Today, most web designers simply outsource the coding part of their projects, first using a sophisticated design software like Illustrator or Photoshop to create the design itself. This makes websites more expensive, time- and effort-consuming.
Riding the increasing demand for code-free web design tools (please don’t confuse those with drag-and-drop site builders for newbies), many web design companies start developing their own code-free design applications. Many of these are then shared with the world.
The Mountain View-based company was founded by brothers Vlad and Sergie Magdalin, along with CTO Bryat Chou. “This has been a ten-year journey for me personally,” Vlad says. The brothers had previously worked at Intuit, where they developed Intuit Brainstorm – the first enterprise SaaS project of Intuit.
Webflow is an in-browser design studio for professionals who want to build sites for their clients without having to code. Since its launch in 2013, it has been used by known design teams, along with more than 10,000 other users.
Who is it for? Similar to Webydo and Adobe Muse, Webflow is being targeted not at small businesses – the way a number of visual site builders are – but rather at independent designers, teams and agencies who build websites for clients.
#1 Ease of Use
Though intended for professionals, Webflow offers a pretty intuitive editing interface that comes with a set of standard web components (including text blocks, links, lists etc.) and an array of customizable widgets (slider, social media icons, embed etc.) that you can drag into the page’s structure. You can publish your site immediately upon completion.
What I like most about this platform is that Webflow’s editor doesn’t abstract away HTML elements or CSS elements, like most visual site builders do; it simply provides users quick access to manipulating them.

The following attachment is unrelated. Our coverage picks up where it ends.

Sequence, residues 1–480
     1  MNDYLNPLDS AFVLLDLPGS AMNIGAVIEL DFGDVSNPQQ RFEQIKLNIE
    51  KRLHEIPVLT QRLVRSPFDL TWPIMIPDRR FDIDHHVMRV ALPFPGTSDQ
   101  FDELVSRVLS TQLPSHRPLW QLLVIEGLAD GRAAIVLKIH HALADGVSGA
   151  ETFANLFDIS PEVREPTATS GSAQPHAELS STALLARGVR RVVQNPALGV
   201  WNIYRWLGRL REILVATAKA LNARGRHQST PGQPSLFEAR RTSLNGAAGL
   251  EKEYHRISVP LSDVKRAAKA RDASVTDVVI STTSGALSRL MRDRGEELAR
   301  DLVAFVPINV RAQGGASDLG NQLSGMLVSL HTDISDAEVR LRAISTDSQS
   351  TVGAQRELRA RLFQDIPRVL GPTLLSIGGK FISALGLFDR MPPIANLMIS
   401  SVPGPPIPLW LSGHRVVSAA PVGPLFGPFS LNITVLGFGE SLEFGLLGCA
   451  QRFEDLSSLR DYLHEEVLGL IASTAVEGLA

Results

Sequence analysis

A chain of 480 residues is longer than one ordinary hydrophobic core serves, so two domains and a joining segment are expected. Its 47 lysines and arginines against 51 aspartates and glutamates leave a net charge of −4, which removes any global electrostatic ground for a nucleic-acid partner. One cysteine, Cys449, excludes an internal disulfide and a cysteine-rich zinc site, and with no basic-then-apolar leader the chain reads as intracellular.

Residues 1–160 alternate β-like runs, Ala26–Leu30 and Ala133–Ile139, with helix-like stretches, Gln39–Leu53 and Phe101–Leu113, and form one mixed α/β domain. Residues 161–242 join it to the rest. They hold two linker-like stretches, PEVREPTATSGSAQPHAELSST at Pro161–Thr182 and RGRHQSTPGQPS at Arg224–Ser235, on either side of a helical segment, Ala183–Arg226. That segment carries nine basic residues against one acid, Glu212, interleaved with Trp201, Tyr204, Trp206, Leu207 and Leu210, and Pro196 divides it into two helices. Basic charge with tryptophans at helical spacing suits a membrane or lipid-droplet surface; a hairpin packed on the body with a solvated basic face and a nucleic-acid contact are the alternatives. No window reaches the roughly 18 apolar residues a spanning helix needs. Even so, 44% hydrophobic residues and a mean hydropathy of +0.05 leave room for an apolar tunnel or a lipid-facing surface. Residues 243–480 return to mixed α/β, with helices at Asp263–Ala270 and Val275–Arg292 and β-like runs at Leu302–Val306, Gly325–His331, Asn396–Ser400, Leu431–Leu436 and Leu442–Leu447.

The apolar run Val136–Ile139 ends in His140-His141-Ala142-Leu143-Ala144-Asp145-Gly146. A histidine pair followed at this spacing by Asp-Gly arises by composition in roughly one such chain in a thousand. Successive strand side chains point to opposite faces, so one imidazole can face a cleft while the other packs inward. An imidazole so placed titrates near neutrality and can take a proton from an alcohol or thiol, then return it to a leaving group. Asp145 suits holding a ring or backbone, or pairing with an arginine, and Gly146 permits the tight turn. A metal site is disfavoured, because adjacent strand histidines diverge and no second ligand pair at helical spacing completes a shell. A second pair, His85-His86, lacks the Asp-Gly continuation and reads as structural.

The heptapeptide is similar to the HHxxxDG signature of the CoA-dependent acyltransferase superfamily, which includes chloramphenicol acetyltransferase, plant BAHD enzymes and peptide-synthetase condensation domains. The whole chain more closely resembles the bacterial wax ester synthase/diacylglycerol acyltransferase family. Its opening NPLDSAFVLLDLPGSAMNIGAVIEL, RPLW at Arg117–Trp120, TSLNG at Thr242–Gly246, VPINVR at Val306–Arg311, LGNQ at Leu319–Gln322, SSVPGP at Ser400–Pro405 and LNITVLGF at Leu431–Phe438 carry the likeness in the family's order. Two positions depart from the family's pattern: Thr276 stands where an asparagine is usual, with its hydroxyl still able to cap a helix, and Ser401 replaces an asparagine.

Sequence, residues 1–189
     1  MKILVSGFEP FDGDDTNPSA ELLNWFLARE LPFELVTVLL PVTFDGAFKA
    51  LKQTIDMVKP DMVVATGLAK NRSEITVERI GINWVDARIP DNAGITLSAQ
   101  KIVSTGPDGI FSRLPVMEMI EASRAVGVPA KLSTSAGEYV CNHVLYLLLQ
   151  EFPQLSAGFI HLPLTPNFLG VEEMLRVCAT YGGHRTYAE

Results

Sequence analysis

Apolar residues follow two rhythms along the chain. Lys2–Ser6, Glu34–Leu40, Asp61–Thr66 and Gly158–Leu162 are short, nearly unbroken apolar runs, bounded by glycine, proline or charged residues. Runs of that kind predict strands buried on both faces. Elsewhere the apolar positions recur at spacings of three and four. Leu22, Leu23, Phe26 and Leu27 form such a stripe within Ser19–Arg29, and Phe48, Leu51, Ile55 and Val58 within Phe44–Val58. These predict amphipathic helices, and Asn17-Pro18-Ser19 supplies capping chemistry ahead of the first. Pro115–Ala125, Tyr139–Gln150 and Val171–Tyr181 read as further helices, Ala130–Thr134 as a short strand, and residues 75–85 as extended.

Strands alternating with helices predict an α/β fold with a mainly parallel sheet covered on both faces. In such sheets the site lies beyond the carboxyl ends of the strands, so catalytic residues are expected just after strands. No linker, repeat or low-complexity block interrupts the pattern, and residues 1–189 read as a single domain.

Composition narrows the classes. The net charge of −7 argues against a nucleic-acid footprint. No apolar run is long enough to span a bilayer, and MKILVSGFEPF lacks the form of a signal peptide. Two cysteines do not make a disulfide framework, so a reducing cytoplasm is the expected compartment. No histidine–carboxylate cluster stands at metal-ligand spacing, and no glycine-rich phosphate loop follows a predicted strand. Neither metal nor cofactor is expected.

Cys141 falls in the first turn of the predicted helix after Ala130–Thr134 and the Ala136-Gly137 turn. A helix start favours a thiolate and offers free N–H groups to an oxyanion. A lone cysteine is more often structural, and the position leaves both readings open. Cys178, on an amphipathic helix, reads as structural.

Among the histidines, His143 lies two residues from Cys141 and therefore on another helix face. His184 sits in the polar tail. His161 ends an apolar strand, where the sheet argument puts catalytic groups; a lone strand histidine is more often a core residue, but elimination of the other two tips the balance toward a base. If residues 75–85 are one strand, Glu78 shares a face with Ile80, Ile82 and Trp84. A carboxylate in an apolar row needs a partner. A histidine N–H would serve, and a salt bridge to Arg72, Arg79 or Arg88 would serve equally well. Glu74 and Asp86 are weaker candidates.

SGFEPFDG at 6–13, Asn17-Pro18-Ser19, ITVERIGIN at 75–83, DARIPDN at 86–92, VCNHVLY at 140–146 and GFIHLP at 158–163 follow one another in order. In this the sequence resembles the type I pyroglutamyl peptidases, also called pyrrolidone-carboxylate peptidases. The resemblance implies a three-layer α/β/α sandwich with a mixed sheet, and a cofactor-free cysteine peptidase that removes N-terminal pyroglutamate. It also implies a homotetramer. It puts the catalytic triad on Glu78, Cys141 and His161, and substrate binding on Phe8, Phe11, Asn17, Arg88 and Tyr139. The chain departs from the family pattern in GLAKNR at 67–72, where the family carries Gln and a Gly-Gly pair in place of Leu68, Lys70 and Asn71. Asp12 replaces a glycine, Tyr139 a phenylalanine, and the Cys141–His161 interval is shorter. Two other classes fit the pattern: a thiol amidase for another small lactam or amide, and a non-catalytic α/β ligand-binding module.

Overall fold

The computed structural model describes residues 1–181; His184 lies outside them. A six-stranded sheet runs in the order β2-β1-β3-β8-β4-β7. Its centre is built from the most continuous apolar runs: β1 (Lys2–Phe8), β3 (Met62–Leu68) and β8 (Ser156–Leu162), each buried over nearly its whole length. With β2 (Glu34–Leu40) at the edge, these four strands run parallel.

You can easily organize all of your pages using the ‘nested folders and subpages’ feature.
#2 Feature Set and Flexibility
Webflow is currently a static site builder which isn’t tied to a content management system or a blogging platform. This means it can be used as a starting point for a WordPress site, or for creating static brochure-like responsive websites.
In terms of features, it’s rather flexible. Its editor combines the ease-of-use of DIY sitebuilders and the power of top-notch web design tools. The advanced HTML and CSS features of Webflow are hidden by default in the editor, but can be toggled on.
Mobile optimization. With Webflow, you can easily preview the design for mobile (portrait/landscape), tablet, and desktop viewing. Just switch the canvas to a different device and fine tune your design in the What-You-See-Is-What-You-Get mode.
Mobility. As opposed to most DIY sitebuilders that only run on their own servers (=you can’t move your site elsewhere), Weblflow allows you to simply export the generated code and take it where you want. This mobility is what makes Webflow stand out. While with most website builders you’re locked in their servers, Webfllow lets you export the site to send it to a developer for extended customization, for instance.